In July, the attractive Mediterranean port town of Sète (about an hour’s drive from Carcassonne) hosted a brand-new replica of Columbus’ Santa María. Perfect reason for a history-themed outing.
Our main wonderment was contemplating the experiences, fear, challenges, courage, danger, and uncertainty on this tiny tiny vessel. We stood on the main and quarter decks, imagining mid-ocean waves taller than the ship itself. To sail across the Atlantic — before they knew there was an across the Atlantic — in a ship the size of an 18-wheeler highway truck: impossible to comprehend even while standing amid the ropes and masts.
The notes in this post come from the exhibit itself, and from a news report. I’ve added some image captions for a few of our personal reactions.
THE SANTA MARIA
The Santa Maria was the flagship with which Admiral Christopher Columbus carried out one of the most significant ocean crossings in history. On August 3rd, 1492, it set sail from the port of Palos de la Frontera (Huelva, Spain) together with the caravels “Pinta” and “Niña”, and reached America on October 12th, 1492, causing an encounter between two worlds that had been unknown to each other until that point.
The Santa María 525 project came about with the objective of reliving history in order to promote the heritage, tourism and culture of the province of Huelva, with the construction and development of one of its most recognizable symbols of identity.
This true-scale replica of the Santa María was built by Fundcacíon Nao Victoria, a Spanish institute that specializes in historic ships. The work was carried out in the coastal town of Pinta Umbría (Huelva, Spain) over twelve months starting in January 2017 and ending in March 2018.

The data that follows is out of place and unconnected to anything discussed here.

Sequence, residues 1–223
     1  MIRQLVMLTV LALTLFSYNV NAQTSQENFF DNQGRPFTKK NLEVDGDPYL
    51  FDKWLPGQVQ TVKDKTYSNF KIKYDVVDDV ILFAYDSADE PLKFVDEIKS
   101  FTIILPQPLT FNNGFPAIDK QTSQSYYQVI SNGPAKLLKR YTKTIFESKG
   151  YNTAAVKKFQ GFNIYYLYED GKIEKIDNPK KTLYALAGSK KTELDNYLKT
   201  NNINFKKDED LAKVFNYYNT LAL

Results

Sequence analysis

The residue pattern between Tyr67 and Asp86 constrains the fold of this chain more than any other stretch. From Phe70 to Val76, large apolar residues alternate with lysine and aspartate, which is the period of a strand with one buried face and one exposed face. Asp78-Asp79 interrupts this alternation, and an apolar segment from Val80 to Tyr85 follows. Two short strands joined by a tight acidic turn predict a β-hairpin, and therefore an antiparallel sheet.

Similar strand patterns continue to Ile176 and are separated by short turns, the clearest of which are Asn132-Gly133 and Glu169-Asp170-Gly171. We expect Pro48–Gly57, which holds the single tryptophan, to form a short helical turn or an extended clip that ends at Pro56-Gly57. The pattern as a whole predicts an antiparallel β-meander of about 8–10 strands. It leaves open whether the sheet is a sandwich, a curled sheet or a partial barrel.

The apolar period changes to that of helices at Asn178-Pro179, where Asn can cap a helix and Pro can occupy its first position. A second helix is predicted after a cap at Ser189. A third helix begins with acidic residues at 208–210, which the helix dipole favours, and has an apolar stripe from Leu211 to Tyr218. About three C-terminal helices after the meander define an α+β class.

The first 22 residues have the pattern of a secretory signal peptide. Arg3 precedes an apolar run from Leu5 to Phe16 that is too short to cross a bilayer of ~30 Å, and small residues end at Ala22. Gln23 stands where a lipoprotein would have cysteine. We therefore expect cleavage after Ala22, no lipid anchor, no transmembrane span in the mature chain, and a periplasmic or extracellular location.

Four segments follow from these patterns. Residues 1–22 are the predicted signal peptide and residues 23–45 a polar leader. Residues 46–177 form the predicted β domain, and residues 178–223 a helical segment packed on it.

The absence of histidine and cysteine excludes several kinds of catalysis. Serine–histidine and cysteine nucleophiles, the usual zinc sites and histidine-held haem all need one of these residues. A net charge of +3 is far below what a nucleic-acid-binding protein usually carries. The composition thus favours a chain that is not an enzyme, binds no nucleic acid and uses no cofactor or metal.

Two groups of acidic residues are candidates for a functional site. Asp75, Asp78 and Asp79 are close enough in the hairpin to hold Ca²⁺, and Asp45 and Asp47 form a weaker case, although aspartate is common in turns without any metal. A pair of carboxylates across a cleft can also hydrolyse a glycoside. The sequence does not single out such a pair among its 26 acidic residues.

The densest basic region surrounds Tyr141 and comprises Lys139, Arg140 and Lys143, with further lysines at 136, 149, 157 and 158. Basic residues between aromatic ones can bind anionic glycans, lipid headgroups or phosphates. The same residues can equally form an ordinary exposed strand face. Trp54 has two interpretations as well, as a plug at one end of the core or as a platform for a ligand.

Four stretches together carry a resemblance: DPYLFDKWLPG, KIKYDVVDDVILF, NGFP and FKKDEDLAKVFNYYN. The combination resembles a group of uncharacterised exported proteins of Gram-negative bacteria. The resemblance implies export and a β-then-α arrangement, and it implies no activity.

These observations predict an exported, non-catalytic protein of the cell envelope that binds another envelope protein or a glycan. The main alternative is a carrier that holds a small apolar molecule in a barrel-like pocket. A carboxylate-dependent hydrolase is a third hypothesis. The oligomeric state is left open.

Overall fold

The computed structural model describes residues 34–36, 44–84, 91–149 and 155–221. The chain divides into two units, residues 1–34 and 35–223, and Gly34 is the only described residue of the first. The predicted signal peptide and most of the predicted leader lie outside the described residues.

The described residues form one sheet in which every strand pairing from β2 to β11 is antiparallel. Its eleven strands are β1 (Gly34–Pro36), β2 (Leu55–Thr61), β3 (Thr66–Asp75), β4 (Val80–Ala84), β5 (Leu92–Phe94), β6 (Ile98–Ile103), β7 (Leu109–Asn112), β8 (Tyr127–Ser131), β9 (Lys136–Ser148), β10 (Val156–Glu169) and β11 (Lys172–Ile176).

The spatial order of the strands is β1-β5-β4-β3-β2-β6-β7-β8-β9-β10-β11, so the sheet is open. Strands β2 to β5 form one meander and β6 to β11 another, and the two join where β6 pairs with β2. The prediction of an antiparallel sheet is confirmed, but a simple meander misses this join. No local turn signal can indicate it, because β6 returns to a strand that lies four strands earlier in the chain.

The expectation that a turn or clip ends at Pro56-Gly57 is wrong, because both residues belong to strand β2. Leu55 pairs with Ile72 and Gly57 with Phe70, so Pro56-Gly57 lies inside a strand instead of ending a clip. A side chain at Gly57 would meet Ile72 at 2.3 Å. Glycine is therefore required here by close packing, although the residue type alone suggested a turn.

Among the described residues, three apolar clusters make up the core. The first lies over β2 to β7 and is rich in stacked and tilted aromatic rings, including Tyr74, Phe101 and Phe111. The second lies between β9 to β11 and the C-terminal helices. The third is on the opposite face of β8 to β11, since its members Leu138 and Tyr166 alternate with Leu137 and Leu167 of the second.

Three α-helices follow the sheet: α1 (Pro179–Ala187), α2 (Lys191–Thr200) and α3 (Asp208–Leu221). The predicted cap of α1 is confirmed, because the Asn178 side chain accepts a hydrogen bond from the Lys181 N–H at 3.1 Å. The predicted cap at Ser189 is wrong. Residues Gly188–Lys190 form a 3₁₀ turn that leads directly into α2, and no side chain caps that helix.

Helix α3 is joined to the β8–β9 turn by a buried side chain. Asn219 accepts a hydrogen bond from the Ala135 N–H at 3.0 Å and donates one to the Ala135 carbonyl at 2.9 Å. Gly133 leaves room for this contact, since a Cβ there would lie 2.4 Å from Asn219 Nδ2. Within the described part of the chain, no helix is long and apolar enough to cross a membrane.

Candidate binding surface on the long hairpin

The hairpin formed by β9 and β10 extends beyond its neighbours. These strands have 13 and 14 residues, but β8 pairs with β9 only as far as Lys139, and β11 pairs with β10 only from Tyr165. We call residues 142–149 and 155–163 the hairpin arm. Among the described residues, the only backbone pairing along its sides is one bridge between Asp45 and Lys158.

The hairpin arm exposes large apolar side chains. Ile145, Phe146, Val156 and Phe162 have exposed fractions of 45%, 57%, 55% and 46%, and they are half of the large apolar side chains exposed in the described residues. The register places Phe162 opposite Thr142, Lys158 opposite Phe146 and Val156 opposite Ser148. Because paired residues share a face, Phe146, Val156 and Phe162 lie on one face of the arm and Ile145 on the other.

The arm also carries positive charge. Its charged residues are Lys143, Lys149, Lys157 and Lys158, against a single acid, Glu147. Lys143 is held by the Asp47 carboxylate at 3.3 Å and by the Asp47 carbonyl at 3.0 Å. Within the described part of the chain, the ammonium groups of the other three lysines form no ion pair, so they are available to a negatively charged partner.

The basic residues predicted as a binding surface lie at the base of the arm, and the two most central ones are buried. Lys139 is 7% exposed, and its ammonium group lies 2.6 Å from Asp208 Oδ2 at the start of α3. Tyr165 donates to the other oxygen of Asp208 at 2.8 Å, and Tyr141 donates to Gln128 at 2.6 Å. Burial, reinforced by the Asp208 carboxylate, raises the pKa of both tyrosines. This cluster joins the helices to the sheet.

The design includes the results of the new studies on the shapes of this famous vessel, in order to achieve greater maneuverability and better control of the steering. During the process, an innovative system was applied in the sector of construction of historical ship replicas, which combines construction in fiberglass and posterior covering in wood. A new technique that implied enormous progress with regards to the environmental impact, costs, durability and maintenance of the vessel, without affecting its historical aspect, seaworthiness or maneuvering.
100 marine professionals and trades: This is the approximate number of people that have participated in its construction: naval carpenters, net workers, rope workers, historians, engineers and other artisans.
300,000 hours of work: 14 months of work during which the mould of the hull was created, the work with wood was carried out for the cladding, the placement of the masts, the preparation of the rigging and apparel and the installation of the equipment.
Oak wood: Structural pieces
Pine wood: Planking, masts and braces
Olive and holm oak wood: Pulleys and deadheads
Iron: Nails and anchors
Hemp canvas: Sails
Hemp impregnated with tar: Ropes and standing rigging
Esparto (a coarse grass with tough narrow leaves): Anchor ropes
THE SANTA MARIA IN SÈTE
“We intend to go to the east coast of America and Canada, but the construction completion was late; therefore we didn’t have the time to cross the Atlantic during the good weather conditions this year,” explained Carlos Herrera, the captain of the Santa María. It is necessary to wait for the end of hurricane season for the inaugural voyage to America. So various Mediterranean ports will be able to host the ship until November. From tourist to specialist, all will have the chance to be amazed! (France 3, 12 July 2018)
THIS TYPE OF SHIP
A ship of 100 tonnes had an average crew of 45 members. The men at sea consisted of sailors, apprentices, cabin boys, carpenters, caulker, chaplains, steward’s mates and surgeons, who obeyed the high commands of the authorities: owners, pilots, captains and boatswains. There were also royal officers such as sheriff, scribe, treasurer or accountant, who were responsible for ensuring the interests of the Crown.